At this point of the NFL off-season there tend to be a lot more questions than answers. Nowhere is this truer than on the defensive side of the ball. I always say the two most nerve racking times for IDP owners are the week after the regular season ends and Draft weekend. The week after the season ends, or “Black Monday” as it has come to be known, leads to coaching changes, which leads to defensive scheme changes, which can turn a legit IDP squad into a hot mess overnight. Draft weekend can also wreak havoc on IDP rosters when players are unexpectedly drafted to teams who weren’t expected to add talent at the position. Usually this only affects the fringe talent at the linebacker position, guys like Paul Worrilow.
In the “32 Teams, 32 IDP Questions” we’re going to break down each NFL division, team by team, and ask the most pressing IDP questions facing each club. It may deal with overall scheme changes, position battles or draft related strategy. Today’s focus is the NFC North.
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“What do we do with Danny Trevathan coming off a torn right patellar tendon?”
The knee injury suffered by Danny Trevathan in week 12 of last year was awful. He was playing some great football in Vic Fangio’s 3-4 defense and looked to be the centerpiece of the defensive rebuild. He’s now facing what has become the hardest injury to return from with a torn right patellar tendon. This is the same injury Jimmy Graham suffered and he has been able to regain the majority of his explosion but it often takes in excess of a year. To me, whenever I hear of this injury I always remember Cadillac Williams. He suffered a similar injury and never recovered 100%.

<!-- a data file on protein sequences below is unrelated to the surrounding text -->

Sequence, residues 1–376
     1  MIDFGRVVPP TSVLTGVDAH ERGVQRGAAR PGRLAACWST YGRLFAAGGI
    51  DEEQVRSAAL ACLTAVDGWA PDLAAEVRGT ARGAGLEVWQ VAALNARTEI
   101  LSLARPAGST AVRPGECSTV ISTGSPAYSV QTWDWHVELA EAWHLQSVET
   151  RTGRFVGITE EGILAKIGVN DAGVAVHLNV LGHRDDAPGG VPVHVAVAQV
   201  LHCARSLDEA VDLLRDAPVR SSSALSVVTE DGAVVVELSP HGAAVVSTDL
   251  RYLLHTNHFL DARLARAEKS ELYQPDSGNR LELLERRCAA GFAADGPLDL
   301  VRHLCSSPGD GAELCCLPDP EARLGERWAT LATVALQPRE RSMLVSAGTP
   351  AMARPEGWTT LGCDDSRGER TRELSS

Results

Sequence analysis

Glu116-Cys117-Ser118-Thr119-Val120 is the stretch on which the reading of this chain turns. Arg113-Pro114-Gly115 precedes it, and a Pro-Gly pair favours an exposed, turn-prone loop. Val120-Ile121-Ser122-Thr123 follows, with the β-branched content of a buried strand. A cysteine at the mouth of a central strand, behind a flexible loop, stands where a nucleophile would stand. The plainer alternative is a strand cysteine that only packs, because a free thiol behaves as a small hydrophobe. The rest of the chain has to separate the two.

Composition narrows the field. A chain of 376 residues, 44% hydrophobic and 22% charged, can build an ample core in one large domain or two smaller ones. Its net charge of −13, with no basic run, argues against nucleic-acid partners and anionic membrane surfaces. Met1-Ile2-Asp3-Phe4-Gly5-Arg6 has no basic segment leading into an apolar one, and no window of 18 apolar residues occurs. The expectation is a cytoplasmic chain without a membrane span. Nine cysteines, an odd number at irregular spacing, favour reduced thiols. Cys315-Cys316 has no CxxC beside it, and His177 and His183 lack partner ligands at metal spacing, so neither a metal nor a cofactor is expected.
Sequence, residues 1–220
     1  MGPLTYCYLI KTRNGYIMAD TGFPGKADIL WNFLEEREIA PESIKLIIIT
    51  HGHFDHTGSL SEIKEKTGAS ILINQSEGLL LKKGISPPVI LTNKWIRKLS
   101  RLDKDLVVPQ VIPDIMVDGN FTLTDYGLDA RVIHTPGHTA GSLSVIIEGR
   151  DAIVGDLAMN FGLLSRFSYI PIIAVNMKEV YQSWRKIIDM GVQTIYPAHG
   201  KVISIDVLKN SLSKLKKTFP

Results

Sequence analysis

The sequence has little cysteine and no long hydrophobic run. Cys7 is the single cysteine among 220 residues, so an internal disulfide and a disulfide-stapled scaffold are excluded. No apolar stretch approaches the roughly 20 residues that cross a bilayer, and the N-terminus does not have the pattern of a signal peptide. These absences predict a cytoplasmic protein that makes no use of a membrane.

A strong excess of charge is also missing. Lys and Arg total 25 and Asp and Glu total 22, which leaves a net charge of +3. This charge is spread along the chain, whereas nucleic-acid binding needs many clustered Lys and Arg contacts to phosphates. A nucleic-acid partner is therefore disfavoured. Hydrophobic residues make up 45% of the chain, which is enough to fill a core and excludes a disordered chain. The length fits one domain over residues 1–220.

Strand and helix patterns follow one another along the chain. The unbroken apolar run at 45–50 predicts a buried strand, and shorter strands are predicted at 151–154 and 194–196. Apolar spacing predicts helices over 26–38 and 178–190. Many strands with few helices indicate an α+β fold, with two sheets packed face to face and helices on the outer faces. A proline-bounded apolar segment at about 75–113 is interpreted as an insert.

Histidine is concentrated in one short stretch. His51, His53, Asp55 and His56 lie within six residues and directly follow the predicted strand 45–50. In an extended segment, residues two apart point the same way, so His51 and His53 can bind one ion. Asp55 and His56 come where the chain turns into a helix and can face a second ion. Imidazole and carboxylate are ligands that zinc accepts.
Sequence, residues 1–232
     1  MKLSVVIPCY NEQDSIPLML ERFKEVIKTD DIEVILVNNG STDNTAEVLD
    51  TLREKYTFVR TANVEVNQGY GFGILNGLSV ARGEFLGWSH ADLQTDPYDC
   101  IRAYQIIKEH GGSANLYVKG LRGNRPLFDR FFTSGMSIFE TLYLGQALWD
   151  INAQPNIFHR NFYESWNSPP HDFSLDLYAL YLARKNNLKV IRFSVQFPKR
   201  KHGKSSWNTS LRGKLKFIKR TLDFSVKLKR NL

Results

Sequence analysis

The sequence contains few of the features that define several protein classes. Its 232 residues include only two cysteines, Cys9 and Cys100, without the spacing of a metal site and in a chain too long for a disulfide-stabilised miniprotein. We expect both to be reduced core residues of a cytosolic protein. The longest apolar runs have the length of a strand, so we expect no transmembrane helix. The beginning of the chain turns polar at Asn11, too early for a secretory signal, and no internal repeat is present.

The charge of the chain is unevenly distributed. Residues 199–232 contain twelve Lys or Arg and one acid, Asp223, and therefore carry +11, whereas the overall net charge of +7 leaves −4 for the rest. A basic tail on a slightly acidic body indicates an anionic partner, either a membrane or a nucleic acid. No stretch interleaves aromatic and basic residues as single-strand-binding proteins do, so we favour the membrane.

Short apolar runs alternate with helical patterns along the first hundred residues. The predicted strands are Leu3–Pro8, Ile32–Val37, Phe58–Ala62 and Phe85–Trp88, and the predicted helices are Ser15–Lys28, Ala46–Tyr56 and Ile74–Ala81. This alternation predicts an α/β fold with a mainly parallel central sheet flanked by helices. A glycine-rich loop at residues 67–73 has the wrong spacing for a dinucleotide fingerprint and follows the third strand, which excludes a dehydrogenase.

So what do we do with Trevathan? If you have deep rosters or IR spots you hold on to him and wait for 2018. He’ll more than likely spend the first six weeks at least on the PUP list and could possibly be hit with the “IR-designated for return” tag, and that’s best case scenario. Seeing him on the field in 2017 is no guarantee at all. The player who you can handcuff him with is second year linebacker Nick Kwiatkoski. He held up fairly well after Trevathan went down last year, racking up 37 total tackles over the last five and a half games. The Bears traded up in the fourth round of last year’s draft to select him in the fourth round and has the look of a long term payoff and it looks like that day is coming sooner than later.
“Can Paul Worrilow climb above being an IDP punch line and into an IDP asset?”
Like I mentioned in the opening, sometimes a situation will carry as much, or more, weight than the talent of the player. This could be one of those scenarios. The Lions linebacker corps was one of the worst in the league last year and the team cut DeAndre Levy and replaced him with former Falcon Worrilow. Worrilow has been a bit of a punch line in IDP circles. He too often looks lost on the field and is a beneficiary of pure volume. He lacks efficiency but the defensive units he plays on are just bad enough to keep them on the field and this one in Detroit will be no different.